Welcome to Sonia’s blog! Scroll below to read the latest, and sign up to get the blog in your inbox.

December 2017 Update: The Dance of a Seahorse

I am excited to announce the launch of this newly designed website! Please let me know what you think.

I’m also thinking of forming a small team of beta readers—readers who are interested in reading chapters of my upcoming debut novel The Oyster Thief and providing feedback. It’s a great opportunity for avid readers who want to influence a live work. If you’re interested in being a beta reader, please send me a note at info@soniafaruqi.com.

In the November 2017 update, I talked a little about Coralline and Izar, the two protagonists in The Oyster Thief. The story features some animal characters too, in addition to human ones. (Yes, it’s still a book for adults, but it’s an underwater odyssey and I’m finding it great fun to have animal characters in the story!)

The animal characters are based on true traits of their species. One of them is a seahorse.

Read more

October 2017 Update: Big Announcement – My Second Book

I am excited to announce that I’m working on a second book, The Oyster Thief.

What is it? An underwater odyssey.

It’s the most creative project I’ve ever embarked on, and it’s been pushing my imagination to the limit. I’m excited to be working with my editor Jessica Case and the team at Pegasus Books, with whom I was also fortunate to work on Project Animal Farm.

Stay tuned in the next months for a brand-new website and newsletter, and big perks and giveaways.

So…what’s the book about?

Read more

August 2017 Update: The War Between Past and Present

I hope you’re enjoying the summer as much as I am!

I would like to share with you the name of a documentary I recently watched and enjoyed: Chasing Coral. A team of divers, photographers, and scientists set out on an adventure to discover why coral reefs around the world are vanishing at an unprecedented rate.

Chasing Coral features startling images and facts about the oceans. Made by the director of 2012 award-winning documentary Chasing Ice, Chasing Coral arrived on Netflix a month ago. I recommend the film to anyone interested in the past, present, and future of the oceans.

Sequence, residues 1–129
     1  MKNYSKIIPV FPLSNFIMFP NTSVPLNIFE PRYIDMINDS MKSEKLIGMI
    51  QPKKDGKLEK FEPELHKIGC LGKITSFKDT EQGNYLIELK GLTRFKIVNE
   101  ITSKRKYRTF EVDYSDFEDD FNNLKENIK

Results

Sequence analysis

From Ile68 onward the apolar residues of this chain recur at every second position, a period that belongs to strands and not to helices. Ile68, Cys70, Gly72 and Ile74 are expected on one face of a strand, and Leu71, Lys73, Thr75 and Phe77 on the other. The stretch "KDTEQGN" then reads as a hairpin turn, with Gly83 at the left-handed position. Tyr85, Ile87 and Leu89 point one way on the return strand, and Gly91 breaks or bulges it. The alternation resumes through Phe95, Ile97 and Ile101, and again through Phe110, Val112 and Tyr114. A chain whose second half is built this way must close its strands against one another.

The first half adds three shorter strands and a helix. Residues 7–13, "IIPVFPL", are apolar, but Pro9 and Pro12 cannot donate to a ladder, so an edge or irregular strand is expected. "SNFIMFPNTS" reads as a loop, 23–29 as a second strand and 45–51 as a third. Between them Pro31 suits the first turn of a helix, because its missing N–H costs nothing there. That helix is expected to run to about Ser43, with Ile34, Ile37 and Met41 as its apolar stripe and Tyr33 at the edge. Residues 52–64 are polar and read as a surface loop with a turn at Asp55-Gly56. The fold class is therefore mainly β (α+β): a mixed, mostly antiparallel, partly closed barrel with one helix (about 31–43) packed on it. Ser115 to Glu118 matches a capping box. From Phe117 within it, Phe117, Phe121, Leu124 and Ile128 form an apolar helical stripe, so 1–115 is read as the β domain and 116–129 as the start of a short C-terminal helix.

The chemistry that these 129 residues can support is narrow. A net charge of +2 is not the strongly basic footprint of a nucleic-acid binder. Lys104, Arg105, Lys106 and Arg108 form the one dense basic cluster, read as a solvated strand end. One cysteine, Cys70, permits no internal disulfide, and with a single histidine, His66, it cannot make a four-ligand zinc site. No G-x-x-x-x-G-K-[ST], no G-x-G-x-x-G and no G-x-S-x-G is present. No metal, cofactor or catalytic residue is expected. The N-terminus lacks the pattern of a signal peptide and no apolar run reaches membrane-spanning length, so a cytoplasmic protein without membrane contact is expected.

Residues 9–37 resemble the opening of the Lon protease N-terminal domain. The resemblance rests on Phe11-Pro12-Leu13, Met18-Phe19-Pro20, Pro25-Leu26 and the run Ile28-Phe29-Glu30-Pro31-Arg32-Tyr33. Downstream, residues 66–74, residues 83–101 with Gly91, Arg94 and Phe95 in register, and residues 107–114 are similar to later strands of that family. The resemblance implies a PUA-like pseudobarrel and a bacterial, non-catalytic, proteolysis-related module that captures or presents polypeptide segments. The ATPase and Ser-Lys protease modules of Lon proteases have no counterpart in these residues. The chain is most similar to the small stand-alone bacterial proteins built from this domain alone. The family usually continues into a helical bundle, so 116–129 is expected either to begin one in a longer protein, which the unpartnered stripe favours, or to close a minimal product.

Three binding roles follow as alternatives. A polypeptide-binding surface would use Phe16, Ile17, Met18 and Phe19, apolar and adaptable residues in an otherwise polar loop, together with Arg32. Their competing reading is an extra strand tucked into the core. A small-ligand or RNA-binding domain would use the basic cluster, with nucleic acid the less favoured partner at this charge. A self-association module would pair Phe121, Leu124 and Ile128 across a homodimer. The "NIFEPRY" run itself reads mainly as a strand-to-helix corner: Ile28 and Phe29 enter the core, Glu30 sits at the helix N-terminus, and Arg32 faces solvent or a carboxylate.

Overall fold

Read more

July 2017 Update: Two-year anniversary of Project Animal Farm

I am excited to announce that July 15 marks the two-year anniversary of Project Animal Farm. We’ve come a long way together!

Project Animal Farm continues to touch the minds and hearts of readers. Just this summer, the book received its third accolade. It was selected as a finalist for the 2017 International Book Awards. Previous accolades for Project Animal Farm include its selection as a runner-up for the 2016 New England Book Festival Award and a finalist for the 2015 Chautauqua Prize.

Read more

March 2017 Update: The Sixth Extinction and the First Garden

I recently finished The Sixth Extinction, a Pulitzer-Prize winning book by Elizabeth Kolbert. Over the last half-billion years, there have been five mass extinctions, when the diversity of life on earth suddenly and dramatically contracted. Kolbert posits that we are currently experiencing the planet’s sixth extinction. This time around, however, the cataclysm is not an asteroid or a natural event—but us. For the last thousands of years, at an accelerating pace, human existence has drastically been altering the environment.

Read more

February 2017 Update: Cows and the World

My January blog about wild birds touched a chord among readers. Two websites reposted it on their platforms, spreading the word further. If you missed it, take a look here at the true story about an emerald bird called Emi.

I was honored to be featured in a short documentary called BEEF made by a fourteen-year-old, Sevy Lortie. An inspiring young man, he says: “I’d like to grow up into a kind and peaceful world. I hope to help make the world more green, and work to raise awareness and take action around climate change.” Watch the 16-minute film here.

Read more

An emerald bird called Emi

I have the story of a lifetime—a story from the very jungles of Costa Rica.

My husband Aamer and I were driving from an ecolodge to a biological reserve in Costa Rica and decided to stop for a break. We sat in a restaurant and looked out the window to find a cat meowing as it stared up a tree. A green bird perched on a branch, her eyes closed, her feathers fuzzy.

We learned from a Swedish couple in the restaurant that she’d hit her head by flying against the glass windows, and now could no longer fly properly. The cat was waiting to eat her. In fact, cats kill billions of wild birds and mammals each year in the United States alone, posing an immense threat to wildlife.

The cat
The cat

Read more